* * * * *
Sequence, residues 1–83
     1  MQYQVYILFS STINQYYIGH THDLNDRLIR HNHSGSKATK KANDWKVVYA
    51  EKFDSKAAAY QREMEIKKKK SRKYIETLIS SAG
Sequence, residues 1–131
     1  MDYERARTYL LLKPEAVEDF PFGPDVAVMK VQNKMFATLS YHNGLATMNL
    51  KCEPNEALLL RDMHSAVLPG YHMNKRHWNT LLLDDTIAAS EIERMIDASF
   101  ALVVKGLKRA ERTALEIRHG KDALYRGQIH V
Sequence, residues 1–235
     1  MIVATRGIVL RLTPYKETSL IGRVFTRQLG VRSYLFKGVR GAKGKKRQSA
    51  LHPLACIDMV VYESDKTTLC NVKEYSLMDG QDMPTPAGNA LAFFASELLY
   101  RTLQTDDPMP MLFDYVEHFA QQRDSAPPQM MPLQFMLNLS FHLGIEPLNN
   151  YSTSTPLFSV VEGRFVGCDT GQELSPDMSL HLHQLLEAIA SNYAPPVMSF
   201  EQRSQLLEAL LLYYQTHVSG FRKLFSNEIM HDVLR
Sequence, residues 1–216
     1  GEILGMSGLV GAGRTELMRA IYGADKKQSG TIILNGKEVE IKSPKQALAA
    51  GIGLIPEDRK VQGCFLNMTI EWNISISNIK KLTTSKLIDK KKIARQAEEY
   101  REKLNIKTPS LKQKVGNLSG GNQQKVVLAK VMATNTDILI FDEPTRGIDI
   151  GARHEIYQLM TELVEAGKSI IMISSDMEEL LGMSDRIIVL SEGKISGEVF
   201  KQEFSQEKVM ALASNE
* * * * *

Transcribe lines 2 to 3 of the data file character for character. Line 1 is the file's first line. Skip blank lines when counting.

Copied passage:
     1  MQYQVYILFS STINQYYIGH THDLNDRLIR HNHSGSKATK KANDWKVVYA
    51  EKFDSKAAAY QREMEIKKKK SRKYIETLIS SAG